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Black Lives Matter asks state Dems for 'reparations'

Will Black Lives Matter revive the debate over reparations?

Will Black Lives Matter revive the debate over reparations?

The case for reparations is typically made as a form of economic compensation to descendants of slaves. These days, some racial activists also make the case for reparations as compensation for systemic discrimination in law enforcement.

Several black leaders addressed Democratic state legislators Friday at the State Innovation Exchange in Washington, D.C.

"Thinking about decriminalization with reparations," Marbre Shahly-Butts, deputy director of racial justice at the Center for Popular Democracy, said. "The idea is we that have extracted literally millions of dollars from communities, we have destroyed families. Mass incarceration has led to the destruction of communities across the country. We can track which communities, like we have that data. And so if we're going to be decriminalizing things like marijuana, all of the profit from that should go back to the folks we've extracted it from." That comment received widespread applause from the crowd of Democratic state legislators. Shahly-Butts was referring to decriminalizing more than drug crimes, but also loitering, bans on saggy pants and thousands of other laws that disproportionately affect blacks.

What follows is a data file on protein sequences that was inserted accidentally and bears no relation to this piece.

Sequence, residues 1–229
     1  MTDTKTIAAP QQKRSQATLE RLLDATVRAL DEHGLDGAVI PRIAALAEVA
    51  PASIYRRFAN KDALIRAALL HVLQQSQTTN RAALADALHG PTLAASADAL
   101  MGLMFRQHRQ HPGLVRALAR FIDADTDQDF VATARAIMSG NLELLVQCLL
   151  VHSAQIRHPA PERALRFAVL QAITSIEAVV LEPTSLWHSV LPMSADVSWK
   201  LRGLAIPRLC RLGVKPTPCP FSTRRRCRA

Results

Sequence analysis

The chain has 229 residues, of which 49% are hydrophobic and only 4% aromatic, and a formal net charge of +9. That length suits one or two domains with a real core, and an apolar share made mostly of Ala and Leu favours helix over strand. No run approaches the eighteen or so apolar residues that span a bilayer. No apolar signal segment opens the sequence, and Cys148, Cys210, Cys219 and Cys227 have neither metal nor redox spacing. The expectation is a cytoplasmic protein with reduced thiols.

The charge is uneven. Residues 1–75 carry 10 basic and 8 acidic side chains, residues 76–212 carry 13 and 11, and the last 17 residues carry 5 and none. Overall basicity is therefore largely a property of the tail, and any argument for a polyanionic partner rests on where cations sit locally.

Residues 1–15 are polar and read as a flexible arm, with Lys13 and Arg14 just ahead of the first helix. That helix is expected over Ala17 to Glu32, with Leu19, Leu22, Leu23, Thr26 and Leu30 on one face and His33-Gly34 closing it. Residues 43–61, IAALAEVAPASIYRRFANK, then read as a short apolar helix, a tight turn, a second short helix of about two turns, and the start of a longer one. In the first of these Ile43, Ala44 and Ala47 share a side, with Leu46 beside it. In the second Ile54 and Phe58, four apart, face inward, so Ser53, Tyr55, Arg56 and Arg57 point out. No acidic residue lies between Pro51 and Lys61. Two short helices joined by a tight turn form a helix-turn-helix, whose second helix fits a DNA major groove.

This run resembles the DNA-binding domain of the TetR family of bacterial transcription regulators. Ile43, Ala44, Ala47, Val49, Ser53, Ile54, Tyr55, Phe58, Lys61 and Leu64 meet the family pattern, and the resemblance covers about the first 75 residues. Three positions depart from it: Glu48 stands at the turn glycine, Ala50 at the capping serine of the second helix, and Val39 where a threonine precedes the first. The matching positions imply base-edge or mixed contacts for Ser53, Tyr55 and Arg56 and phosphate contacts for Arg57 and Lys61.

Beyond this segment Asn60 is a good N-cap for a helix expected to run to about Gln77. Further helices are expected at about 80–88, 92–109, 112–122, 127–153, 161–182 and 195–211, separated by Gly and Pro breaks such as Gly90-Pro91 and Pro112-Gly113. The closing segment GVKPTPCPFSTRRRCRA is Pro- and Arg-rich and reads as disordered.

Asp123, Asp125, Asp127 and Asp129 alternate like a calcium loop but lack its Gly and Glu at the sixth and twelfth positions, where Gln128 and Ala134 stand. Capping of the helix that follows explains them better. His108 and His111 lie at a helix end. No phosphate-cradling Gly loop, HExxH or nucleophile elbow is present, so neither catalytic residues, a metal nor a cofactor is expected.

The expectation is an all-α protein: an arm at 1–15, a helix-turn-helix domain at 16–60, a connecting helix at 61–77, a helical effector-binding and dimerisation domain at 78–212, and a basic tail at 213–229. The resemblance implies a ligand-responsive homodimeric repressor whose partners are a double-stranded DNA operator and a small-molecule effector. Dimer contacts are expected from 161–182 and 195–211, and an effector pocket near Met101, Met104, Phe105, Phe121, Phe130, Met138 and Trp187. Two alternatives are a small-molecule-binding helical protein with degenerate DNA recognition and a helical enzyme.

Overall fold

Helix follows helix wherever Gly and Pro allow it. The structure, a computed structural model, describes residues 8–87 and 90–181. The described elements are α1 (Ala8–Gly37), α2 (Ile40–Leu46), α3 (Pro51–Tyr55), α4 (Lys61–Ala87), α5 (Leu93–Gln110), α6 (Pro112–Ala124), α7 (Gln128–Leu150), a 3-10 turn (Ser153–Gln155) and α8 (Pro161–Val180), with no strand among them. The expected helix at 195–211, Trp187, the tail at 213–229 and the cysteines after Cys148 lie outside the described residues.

Shahly-Butts added, "'Reparations' makes people kind of uncomfortable, so we can call it 'reinvestment' if you want to. Use whatever language makes you happy inside."

Fellow panelist Dante Barry, executive director of the Million Hoodies Movement for Justice, also called for a type of reinvestment. "In terms of response around black youth unemployment, it gets back to this whole piece around reinvestment," Barry said. He spoke about New York City's plan to spend $100 million on 1,000 new cops. "What would you do with $100 million? How would we better use that money to provide jobs for unemployed youth, to provide housing, to have mental health access. … It's really about how do we rethink some of our budgetary needs and how we're putting power behind the way that we can really incorporate reinvestment in communities."

Barry must have decided "reinvestment" made him happier inside than "reparations."

When asked if she could pick just one policy change for state legislators to work on, Shahly-Butts replied, "State budgets and then reparations are my two go-to [ideas]." In response to the same question, Barry called for banning all guns on campus.

Source: Washington Examiner